Hiding emotions in freshman year can hinder friendships
While suppressing emotions in new or difficult situations is understandable and perhaps appropriate, carrying the practice too far creates a vicious cycle where trusting others, and being trusted by others, becomes more difficult, said Sanjay Srivastava, a professor of psychology at the University of Oregon.
Srivastava was the lead author of a study published in the Journal of Personality and Social Psychology that looked at the social costs of emotional suppression among 278 college freshman during their first term at a major West Coast university.
The students -- 58 percent female, 31 percent Asian, 60 percent white, 15 percent Hispanic, 7 percent black and 4 percent Native American -- were contacted before they left home for college. Both before and after the transition, participants completed intensive assessments about their social and emotional experiences. They also nominated acquaintances who knew them well -- virtually all new friends at college -- to be surveyed about how the participants had adjusted.
The study is part of a larger project looking at how and why emotions matter for social adjustment, particularly in critical situations like the transition to college. In this case, the focus looked at expressive suppression, a strategy some people use to regulate emotions where they "basically just try to not show any emotion on the outside," Srivastava said.
Weekly diaries provided data on each participant's support from parents and friends, closeness with others, social satisfaction and academic satisfaction. At the end of the term, participants again addressed their levels of support from friends, closeness, and social and academic satisfaction. The researchers also gathered corroborating information from friends who could give first-hand accounts of how the participants were faring at college.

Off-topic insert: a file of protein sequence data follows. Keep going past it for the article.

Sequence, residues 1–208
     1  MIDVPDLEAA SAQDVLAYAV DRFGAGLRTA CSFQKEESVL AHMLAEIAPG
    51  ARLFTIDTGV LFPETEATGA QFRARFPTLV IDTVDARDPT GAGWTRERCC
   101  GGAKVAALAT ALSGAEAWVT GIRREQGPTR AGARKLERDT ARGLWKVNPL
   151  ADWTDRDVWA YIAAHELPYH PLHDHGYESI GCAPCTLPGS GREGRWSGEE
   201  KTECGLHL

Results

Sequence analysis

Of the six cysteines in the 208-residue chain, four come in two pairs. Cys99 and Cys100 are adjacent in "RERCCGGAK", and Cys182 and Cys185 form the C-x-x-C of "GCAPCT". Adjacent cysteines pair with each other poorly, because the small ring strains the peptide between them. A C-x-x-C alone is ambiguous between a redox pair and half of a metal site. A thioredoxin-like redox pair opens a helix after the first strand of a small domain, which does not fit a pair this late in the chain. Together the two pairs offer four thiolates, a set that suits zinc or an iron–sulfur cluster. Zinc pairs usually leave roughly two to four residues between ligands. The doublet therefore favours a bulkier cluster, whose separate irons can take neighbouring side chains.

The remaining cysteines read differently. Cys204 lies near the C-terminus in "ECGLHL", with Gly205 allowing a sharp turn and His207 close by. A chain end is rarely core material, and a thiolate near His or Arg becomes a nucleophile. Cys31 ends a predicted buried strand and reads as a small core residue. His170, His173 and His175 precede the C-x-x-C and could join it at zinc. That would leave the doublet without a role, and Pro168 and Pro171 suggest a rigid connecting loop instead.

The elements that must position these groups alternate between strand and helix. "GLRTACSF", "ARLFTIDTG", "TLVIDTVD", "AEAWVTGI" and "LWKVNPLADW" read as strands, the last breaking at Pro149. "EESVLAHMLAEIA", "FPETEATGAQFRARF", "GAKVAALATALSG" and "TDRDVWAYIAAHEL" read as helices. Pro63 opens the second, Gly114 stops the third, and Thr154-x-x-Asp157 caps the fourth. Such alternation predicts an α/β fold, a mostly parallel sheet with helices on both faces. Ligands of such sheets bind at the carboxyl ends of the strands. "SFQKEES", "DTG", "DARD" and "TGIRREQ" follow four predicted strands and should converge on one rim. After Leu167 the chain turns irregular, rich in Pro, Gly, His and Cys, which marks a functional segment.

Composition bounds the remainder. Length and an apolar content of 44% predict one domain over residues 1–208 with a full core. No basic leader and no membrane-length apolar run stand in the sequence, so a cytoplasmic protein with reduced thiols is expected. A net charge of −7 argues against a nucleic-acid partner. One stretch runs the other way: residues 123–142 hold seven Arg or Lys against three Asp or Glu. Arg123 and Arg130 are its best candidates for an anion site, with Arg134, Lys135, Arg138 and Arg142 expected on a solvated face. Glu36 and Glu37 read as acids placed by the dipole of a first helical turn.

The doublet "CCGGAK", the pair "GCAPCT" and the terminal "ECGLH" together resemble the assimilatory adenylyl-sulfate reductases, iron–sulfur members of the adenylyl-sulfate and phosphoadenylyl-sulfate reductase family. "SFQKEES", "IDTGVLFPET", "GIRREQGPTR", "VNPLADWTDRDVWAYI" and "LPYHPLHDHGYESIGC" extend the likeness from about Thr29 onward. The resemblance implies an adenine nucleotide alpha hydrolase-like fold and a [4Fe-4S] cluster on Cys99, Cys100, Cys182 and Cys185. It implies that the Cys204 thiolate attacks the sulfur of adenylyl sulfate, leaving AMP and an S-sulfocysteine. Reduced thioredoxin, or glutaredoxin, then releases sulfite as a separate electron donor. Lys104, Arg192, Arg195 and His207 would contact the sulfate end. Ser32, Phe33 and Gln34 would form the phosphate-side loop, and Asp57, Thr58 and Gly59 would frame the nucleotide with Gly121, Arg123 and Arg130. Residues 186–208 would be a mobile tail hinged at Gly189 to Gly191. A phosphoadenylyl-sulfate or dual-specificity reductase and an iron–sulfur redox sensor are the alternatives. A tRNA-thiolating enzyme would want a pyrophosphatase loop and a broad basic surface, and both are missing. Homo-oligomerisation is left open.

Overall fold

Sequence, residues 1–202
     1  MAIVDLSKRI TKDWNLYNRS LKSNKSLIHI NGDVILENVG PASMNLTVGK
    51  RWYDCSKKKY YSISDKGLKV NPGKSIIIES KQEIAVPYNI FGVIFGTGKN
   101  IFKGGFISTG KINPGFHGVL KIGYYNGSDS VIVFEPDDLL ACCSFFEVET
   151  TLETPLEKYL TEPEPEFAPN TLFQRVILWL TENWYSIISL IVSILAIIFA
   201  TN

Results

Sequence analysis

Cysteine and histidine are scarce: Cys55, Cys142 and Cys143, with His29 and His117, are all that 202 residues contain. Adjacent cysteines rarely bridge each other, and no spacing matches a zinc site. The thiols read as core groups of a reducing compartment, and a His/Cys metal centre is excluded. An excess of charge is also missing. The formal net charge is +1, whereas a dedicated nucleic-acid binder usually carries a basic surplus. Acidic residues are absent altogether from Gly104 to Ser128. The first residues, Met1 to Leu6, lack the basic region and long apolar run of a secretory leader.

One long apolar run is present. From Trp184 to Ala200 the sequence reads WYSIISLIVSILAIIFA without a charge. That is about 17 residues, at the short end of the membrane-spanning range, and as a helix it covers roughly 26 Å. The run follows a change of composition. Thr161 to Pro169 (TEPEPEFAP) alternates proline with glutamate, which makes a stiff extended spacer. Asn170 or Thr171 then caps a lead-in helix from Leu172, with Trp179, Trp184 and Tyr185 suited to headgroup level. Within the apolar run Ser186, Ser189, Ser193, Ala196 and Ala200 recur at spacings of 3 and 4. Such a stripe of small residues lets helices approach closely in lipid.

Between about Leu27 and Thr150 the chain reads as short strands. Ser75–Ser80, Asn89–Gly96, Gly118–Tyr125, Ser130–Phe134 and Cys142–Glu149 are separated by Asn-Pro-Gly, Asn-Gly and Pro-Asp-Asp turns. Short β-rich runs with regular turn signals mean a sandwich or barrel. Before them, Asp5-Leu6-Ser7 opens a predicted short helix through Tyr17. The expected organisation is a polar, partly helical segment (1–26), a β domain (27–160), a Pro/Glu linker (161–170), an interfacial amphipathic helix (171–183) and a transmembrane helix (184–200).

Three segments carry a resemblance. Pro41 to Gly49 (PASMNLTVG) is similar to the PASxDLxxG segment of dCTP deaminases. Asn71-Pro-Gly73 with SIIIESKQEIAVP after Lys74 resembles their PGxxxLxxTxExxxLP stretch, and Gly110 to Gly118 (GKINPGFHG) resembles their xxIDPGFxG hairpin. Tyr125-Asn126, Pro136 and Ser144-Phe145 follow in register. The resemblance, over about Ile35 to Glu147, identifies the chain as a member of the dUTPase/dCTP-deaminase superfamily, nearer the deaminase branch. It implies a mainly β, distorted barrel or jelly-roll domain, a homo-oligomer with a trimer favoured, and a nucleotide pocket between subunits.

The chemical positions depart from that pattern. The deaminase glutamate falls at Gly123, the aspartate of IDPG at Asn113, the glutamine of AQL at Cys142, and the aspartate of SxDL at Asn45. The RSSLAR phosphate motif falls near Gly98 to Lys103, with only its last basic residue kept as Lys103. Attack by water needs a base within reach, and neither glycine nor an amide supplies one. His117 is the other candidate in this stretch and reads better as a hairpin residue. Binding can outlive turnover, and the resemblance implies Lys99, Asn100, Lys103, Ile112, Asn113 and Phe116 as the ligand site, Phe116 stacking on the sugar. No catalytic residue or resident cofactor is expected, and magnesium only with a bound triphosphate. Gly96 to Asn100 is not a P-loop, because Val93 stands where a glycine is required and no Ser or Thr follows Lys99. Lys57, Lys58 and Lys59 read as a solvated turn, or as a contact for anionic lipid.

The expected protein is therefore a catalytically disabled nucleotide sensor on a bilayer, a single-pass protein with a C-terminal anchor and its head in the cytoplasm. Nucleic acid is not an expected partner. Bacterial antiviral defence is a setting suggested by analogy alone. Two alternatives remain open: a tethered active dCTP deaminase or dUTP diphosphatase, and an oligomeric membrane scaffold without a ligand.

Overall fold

"Hiding your emotions is something that is very common but it's something that often is not the right thing to do," Srivastava said. "We're not saying never ever do this, but doing it may have negative effects in certain contexts, such as in transitioning into college. It may be hurting the formation of relationships."
Data gathered from the participants and friends provided similar results, he said. "People who were hiding or masking their emotions were having more difficult times forming close, meaningful, supportive and satisfying relationships."
People keep emotions hidden during times when they feel alienated or disconnected, or when a situation leaves them feeling out of control, according to previous research, he said. For some individuals, those feelings may be more pronounced during major transitions, putting college freshmen at particular risk.
"In certain situations, it is natural and understandable, but if done all the time it may be counterproductive," he said. "We are trying to figure out where and why such emotional suppression is appropriate. It may be that people who do this may be having a more intense negative experience. People who do this are less likely to show positive emotions, like laugh at other people's jokes, or smile, or even disclose their negative feelings. It's a self-protection thing."
Other analyses did not find negative consequences for academic satisfaction, but more research into academic ramifications is needed, he said. Also needing scrutiny is whether the impacts identified in this study carry longer-lasting consequences into later years of college and beyond.
Co-authors of the study were Kelly M. McGonigal of Stanford University, Maya Tamir of Boston College, Oliver P. John of the University of California, Berkeley, and James J. Gross of Stanford University. The research was partially funded by the National Institutes of Health.